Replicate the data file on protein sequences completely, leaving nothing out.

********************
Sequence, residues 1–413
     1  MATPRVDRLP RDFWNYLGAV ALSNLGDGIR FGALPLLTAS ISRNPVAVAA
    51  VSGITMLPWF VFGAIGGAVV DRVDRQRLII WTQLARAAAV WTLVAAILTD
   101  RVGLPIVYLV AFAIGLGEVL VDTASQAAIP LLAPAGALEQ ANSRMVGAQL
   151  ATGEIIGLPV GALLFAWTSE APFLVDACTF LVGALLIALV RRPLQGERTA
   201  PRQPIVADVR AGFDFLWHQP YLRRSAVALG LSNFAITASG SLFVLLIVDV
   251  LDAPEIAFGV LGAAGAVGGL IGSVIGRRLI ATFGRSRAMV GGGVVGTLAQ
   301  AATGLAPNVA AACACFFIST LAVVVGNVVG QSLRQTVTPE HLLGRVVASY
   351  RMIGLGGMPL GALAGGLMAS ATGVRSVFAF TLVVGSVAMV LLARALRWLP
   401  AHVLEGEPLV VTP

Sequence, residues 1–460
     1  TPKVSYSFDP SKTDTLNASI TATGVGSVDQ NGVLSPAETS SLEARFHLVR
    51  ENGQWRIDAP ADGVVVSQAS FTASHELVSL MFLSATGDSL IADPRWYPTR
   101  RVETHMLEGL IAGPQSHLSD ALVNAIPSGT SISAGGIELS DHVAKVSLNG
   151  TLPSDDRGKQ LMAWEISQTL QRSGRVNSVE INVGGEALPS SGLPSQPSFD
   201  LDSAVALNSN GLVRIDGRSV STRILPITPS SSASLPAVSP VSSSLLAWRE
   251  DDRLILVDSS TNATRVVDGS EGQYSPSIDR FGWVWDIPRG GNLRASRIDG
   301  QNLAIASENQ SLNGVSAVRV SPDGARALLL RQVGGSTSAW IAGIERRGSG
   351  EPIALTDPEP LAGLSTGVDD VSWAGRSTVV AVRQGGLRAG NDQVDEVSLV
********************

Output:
Sequence, residues 1–413
     1  MATPRVDRLP RDFWNYLGAV ALSNLGDGIR FGALPLLTAS ISRNPVAVAA
    51  VSGITMLPWF VFGAIGGAVV DRVDRQRLII WTQLARAAAV WTLVAAILTD
   101  RVGLPIVYLV AFAIGLGEVL VDTASQAAIP LLAPAGALEQ ANSRMVGAQL
   151  ATGEIIGLPV GALLFAWTSE APFLVDACTF LVGALLIALV RRPLQGERTA
   201  PRQPIVADVR AGFDFLWHQP YLRRSAVALG LSNFAITASG SLFVLLIVDV
   251  LDAPEIAFGV LGAAGAVGGL IGSVIGRRLI ATFGRSRAMV GGGVVGTLAQ
   301  AATGLAPNVA AACACFFIST LAVVVGNVVG QSLRQTVTPE HLLGRVVASY
   351  RMIGLGGMPL GALAGGLMAS ATGVRSVFAF TLVVGSVAMV LLARALRWLP
   401  AHVLEGEPLV VTP

Sequence, residues 1–460
     1  TPKVSYSFDP SKTDTLNASI TATGVGSVDQ NGVLSPAETS SLEARFHLVR
    51  ENGQWRIDAP ADGVVVSQAS FTASHELVSL MFLSATGDSL IADPRWYPTR
   101  RVETHMLEGL IAGPQSHLSD ALVNAIPSGT SISAGGIELS DHVAKVSLNG
   151  TLPSDDRGKQ LMAWEISQTL QRSGRVNSVE INVGGEALPS SGLPSQPSFD
   201  LDSAVALNSN GLVRIDGRSV STRILPITPS SSASLPAVSP VSSSLLAWRE
   251  DDRLILVDSS TNATRVVDGS EGQYSPSIDR FGWVWDIPRG GNLRASRIDG
   301  QNLAIASENQ SLNGVSAVRV SPDGARALLL RQVGGSTSAW IAGIERRGSG
   351  EPIALTDPEP LAGLSTGVDD VSWAGRSTVV AVRQGGLRAG NDQVDEVSLV